The Supreme Court on Tuesday stayed the notice issued by Uttar Pradesh police freezing Yes Bank's voting rights at Dish TV's annual general meeting. The top court bench led by Justice DY Chandrachud took exception to the police action and stayed the investigation in this matter.
The court's decision grants relief to Yes Bank which would otherwise be unable to vote as a shareholder at Dish TV's Annual General Meeting earlier slated for today.
"We cannot permit police officers sitting in Gautam Buddha Nagar to freeze voting rights of a shareholder," the bench said. "Police officers have done something which even company law tribunal has not done (freeze shares and voting rights). This will only lead to lawlessness in the country," Justice Chandrachud observed.
"It is short-circuiting judicial orders by using the police. We can't allow this; it's like taking the police and restraining someone from exercising voting rights. Using criminal proceedings to achieve results in civil proceedings will be dangerous. Look at the overall consequence," the bench observed.
The top court's decision came on a plea filed by Yes Bank challenging the November 4 police notice freezing its voting rights at Dish TV's AGM. Senior Advocate AM Singhvi, representing the Yes Bank, had mentioned the matter on Monday morning seeking an urgent hearing ahead of the AGM that was scheduled for today. However, in light of the scheduled hearing, Dish TV postponed its AGM by a month.
Supreme Court's order today is a significant development in the legal dispute over voting rights between Yes Bank and Dish TV. The case before the top court not only decides the company's fate but will also impact other cases where the banks have gone up against defaulters for control over collateral.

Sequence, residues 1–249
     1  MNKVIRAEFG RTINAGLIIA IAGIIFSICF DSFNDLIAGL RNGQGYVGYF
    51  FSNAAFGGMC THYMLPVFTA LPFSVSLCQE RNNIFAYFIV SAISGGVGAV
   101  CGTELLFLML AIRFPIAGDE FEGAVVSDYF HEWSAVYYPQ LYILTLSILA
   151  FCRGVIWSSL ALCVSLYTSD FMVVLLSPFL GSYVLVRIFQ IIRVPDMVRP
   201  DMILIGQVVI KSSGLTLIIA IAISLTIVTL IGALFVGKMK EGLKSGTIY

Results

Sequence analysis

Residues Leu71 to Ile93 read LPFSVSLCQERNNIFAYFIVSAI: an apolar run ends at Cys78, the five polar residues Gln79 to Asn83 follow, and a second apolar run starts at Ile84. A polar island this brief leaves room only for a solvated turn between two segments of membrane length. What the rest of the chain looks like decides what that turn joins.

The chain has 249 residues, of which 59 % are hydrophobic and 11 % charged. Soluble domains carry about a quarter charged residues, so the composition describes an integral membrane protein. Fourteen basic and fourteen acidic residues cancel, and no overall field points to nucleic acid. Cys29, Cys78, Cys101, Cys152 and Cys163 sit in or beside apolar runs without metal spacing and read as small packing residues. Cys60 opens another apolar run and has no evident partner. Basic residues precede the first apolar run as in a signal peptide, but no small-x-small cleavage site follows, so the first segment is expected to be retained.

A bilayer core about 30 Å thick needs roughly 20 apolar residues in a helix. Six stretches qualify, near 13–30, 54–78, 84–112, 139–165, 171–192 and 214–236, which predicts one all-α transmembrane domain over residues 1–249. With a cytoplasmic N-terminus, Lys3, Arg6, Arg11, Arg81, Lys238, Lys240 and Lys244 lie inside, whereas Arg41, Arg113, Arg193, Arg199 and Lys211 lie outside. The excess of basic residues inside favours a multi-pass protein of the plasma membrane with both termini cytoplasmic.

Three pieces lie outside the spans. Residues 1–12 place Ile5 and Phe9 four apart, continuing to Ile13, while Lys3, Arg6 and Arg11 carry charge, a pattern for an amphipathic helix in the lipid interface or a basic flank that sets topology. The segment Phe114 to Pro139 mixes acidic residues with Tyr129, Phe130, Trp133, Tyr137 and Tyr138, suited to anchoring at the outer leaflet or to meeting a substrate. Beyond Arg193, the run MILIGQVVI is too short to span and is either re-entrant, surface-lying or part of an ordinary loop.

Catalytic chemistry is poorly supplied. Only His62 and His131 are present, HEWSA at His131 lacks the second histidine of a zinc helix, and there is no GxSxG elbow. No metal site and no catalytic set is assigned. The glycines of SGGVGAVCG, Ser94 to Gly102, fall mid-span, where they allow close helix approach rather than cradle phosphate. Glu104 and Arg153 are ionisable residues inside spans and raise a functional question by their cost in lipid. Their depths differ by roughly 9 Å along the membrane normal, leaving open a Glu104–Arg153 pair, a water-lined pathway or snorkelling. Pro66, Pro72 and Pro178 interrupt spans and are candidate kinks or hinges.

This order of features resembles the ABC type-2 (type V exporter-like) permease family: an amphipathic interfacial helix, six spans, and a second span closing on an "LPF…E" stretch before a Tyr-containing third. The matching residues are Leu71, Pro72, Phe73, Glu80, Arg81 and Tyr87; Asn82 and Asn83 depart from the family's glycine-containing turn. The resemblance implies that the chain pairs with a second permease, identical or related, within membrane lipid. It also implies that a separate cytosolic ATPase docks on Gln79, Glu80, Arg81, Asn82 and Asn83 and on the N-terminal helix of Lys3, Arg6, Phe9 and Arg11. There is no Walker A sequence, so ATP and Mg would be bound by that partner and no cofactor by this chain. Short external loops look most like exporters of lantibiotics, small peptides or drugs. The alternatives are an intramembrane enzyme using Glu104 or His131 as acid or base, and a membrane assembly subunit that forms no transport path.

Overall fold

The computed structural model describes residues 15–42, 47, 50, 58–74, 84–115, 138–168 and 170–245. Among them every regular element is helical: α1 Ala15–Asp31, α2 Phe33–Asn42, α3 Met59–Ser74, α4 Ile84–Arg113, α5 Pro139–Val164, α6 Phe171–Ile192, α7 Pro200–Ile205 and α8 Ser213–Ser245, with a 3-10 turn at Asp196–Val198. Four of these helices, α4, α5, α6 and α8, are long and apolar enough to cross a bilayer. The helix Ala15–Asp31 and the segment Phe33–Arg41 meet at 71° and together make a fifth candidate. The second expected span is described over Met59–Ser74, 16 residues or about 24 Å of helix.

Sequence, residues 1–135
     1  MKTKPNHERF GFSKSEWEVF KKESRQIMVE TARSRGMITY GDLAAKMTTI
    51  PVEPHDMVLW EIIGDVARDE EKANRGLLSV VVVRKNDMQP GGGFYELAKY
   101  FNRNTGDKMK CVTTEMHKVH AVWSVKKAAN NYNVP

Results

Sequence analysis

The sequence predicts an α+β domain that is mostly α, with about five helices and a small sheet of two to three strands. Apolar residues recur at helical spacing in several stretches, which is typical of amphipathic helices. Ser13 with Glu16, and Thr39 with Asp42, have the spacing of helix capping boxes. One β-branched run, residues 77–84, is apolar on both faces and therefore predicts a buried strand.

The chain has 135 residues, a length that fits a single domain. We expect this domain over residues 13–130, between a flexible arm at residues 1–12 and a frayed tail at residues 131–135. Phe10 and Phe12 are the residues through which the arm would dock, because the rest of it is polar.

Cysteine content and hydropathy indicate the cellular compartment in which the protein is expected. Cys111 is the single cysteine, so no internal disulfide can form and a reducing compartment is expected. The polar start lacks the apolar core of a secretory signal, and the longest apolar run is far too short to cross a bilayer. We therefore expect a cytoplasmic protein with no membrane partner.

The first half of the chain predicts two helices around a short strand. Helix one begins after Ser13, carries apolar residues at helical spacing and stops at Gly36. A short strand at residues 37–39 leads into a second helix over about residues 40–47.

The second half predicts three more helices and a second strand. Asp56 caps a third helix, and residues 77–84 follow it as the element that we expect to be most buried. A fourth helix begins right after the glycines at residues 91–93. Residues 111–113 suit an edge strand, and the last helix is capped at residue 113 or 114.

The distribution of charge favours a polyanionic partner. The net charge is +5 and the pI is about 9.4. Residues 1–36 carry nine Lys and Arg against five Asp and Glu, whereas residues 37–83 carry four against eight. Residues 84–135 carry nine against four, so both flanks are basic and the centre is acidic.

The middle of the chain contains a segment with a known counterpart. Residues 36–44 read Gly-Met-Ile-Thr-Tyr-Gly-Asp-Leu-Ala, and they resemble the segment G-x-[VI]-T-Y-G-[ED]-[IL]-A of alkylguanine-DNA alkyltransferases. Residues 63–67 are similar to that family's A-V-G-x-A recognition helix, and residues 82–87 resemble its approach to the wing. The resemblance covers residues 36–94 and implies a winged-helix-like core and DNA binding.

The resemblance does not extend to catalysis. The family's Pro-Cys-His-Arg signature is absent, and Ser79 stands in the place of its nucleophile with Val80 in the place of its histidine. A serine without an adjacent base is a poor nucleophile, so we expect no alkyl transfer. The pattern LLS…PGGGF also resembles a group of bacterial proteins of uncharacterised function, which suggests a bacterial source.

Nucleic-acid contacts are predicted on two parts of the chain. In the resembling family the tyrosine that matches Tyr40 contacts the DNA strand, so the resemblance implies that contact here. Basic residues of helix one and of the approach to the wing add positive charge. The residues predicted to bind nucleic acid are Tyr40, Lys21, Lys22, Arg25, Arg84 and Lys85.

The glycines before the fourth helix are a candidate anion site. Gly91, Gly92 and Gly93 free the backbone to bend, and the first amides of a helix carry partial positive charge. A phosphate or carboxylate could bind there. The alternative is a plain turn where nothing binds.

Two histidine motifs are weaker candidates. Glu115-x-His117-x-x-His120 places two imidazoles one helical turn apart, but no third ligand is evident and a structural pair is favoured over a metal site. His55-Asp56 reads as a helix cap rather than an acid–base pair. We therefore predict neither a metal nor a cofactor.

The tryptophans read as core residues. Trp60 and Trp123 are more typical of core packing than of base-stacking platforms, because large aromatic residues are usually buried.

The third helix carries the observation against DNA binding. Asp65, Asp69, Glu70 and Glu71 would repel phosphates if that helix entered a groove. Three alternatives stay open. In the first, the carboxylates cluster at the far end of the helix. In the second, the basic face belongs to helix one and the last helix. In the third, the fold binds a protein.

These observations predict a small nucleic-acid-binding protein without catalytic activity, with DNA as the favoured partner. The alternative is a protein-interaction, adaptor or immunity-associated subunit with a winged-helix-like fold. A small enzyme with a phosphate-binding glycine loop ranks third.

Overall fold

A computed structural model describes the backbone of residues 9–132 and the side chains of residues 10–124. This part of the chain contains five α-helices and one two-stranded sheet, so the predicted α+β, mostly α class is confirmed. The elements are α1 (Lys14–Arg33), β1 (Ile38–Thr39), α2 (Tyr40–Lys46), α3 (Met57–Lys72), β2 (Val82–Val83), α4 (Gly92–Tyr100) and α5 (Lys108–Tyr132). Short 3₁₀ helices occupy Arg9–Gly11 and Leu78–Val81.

In May 2020, Yes Bank acquired a 24.5 % stake (or Rs. 44.53 crores) of pledged shares in Jawahar Goel-led Dish TV as part of collateral pledged by his brother and Essel group promoter Subhash Goel.
However, in August 2020 Subhash Chandra filed an FIR against Yes Bank and its former promoter Rana Kapoor accusing them of fraud while brokering a deal between Videocon D2H and Dish TV.
Challenging the notice, Yes Bank questioned the validity of the police notice freezing its right to exercise its option to act on the shares. Yes Bank termed the notice as an "extraordinary ingenious misuse of the criminal law", and further alleged that the notice freezing its voting rights was strategically timed to prevent the bank, the largest shareholder, from voting in the annual general meeting.
Yes Bank alleged that Dish TV orchestrated the issuance of the notice in a timely fashion to prevent the bank from voting at the AGM since the outcome would result in a change of board of directors.
Essel Group's Subhash Chandra challenged Yes Bank's contention alleging that Dish TV's loan transaction was not genuine and that they were pressured into it in order to "clean the books of Yes Bank".